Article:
Biggest health threats from Hurricane Harvey flooding

In the wake of Hurricane Harvey, as reports of destruction from torrential rains and flooding continue to come in, a number of health hazards put Texas residents at risk.

More than 10 deaths have been attributed to Harvey, which has now been downgraded to a tropical storm, and thousands of people were forced to their rooftops or higher ground, overwhelming emergency workers who could not keep up with calls for help.

Secretary of Health and Human Services Tom Price declared a public health emergency in response to Harvey, and has sent more than 500 personnel and tons of medical supplies to the region.

As the rains continue and floodwater keeps rising, there are several health risks to keep in mind.

Drowning and injuries from floodwater

Floodwater poses a drowning risk for everyone, even for those who are strong swimmers. Swiftly moving shallow water can be deadly, quickly sweeping away anyone and anything in its path.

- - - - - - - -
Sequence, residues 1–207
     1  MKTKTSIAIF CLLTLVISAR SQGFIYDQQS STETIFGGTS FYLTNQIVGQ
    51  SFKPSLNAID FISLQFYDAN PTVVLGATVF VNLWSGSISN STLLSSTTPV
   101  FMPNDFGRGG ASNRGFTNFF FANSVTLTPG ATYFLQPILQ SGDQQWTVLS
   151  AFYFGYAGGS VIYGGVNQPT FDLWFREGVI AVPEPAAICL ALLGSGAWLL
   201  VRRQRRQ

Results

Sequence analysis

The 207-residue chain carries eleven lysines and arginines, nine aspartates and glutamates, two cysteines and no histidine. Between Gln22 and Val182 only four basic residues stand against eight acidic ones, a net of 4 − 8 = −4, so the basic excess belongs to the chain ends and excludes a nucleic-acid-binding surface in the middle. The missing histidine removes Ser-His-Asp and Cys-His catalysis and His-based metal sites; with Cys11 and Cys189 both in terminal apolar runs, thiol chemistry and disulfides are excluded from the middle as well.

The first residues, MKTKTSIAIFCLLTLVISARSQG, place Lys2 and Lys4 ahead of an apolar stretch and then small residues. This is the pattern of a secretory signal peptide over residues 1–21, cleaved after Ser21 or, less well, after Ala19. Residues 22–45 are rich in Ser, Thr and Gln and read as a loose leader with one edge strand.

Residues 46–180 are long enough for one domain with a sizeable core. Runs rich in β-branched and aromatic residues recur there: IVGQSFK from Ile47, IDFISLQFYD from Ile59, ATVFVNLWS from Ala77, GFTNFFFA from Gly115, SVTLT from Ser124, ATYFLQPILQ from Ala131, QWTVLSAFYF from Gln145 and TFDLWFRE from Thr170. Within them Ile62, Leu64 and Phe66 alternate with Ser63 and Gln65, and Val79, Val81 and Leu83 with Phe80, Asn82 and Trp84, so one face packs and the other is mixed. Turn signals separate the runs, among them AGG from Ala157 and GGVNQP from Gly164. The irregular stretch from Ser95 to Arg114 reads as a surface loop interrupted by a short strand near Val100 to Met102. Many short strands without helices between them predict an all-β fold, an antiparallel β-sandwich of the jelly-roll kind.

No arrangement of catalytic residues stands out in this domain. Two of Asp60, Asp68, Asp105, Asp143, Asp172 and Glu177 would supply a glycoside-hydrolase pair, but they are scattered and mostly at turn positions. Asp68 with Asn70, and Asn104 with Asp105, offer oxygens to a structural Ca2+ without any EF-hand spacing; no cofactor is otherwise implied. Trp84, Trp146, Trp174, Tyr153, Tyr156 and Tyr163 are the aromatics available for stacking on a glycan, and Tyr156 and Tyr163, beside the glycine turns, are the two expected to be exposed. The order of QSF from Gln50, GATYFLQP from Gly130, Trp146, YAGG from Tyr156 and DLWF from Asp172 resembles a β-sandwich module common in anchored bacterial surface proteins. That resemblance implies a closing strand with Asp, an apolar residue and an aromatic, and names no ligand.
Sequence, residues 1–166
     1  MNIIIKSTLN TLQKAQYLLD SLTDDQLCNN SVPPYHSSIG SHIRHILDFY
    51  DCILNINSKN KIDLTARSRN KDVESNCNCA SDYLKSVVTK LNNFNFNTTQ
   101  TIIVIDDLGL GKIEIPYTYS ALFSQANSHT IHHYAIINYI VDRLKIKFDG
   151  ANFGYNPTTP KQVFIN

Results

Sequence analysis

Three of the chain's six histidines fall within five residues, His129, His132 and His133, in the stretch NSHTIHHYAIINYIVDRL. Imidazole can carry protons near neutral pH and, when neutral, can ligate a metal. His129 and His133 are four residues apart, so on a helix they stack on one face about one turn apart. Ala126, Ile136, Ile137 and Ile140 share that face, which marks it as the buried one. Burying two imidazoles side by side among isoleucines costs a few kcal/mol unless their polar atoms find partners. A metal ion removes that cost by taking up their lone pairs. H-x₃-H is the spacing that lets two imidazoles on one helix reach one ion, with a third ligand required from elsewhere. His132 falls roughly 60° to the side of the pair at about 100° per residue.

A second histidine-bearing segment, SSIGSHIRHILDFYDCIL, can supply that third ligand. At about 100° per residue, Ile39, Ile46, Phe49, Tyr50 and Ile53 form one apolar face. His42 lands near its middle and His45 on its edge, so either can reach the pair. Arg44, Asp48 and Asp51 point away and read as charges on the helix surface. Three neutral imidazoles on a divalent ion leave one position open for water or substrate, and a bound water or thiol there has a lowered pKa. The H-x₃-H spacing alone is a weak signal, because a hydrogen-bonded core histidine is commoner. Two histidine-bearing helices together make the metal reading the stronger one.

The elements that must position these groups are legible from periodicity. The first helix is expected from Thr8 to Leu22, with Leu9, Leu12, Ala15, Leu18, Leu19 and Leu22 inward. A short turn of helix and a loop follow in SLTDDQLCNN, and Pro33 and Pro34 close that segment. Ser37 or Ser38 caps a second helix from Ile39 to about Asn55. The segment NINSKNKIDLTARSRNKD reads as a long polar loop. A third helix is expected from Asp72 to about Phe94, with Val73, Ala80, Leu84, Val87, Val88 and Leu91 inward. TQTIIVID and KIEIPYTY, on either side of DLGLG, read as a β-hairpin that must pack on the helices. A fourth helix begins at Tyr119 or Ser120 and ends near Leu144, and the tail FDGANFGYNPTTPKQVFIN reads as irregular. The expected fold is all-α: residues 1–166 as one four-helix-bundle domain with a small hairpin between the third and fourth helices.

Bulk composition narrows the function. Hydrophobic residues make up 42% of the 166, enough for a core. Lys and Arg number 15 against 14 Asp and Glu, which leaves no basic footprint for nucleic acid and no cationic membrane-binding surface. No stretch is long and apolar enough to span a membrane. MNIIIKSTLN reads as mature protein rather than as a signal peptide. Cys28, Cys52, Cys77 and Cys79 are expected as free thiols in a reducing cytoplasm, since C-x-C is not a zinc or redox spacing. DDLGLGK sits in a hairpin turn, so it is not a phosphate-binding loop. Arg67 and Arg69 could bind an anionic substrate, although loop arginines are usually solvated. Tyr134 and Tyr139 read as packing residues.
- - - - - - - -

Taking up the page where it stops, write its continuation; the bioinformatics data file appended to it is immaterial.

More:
Experts warn not to rely on a vehicle for protection, as it can be swept away or stall in moving water. Even a big rig truck driver found himself stranded on a Houston street and in desperate need of rescue.

Beware of fallen power lines. Never approach them and report any downed lines to authorities.

Finally, floodwaters may contain dangerous sharp objects such as glass or metal debris, and the uneven terrain beneath the water can be hazardous. Never walk barefoot through floodwater.

“The immediate concern is that somebody’s going to be walking and step on something, or not step on something — for instance if there’s a manhole cover missing. So people are going to be badly injured walking through the floodwaters,” Houston EMS medical director Dr. David Persse told “CBS This Morning” co-host Norah O’Donnell.

Infectious diseases

Floodwater may contain a number of pathogens, and people crowded into shelters are especially vulnerable to outbreaks of common illnesses.

“When we have lots of people congregated into small spaces like this, you worry about viral illness outbreaks that would cause gastrointestinal problems,” Persse said. “You know we’ve always heard about cruise ships where everybody got sick — it’s the same virus that we worry about here … the norovirus.”

Exposure to floodwater itself also carries risks.

“Floodwater harbors bacteria, different viruses, and fungi, all of which can make people sick,” Dr. Robert Glatter, an emergency physician at Lenox Hill Hospital in New York City, told CBS News.

One of the biggest concerns with floodwater…

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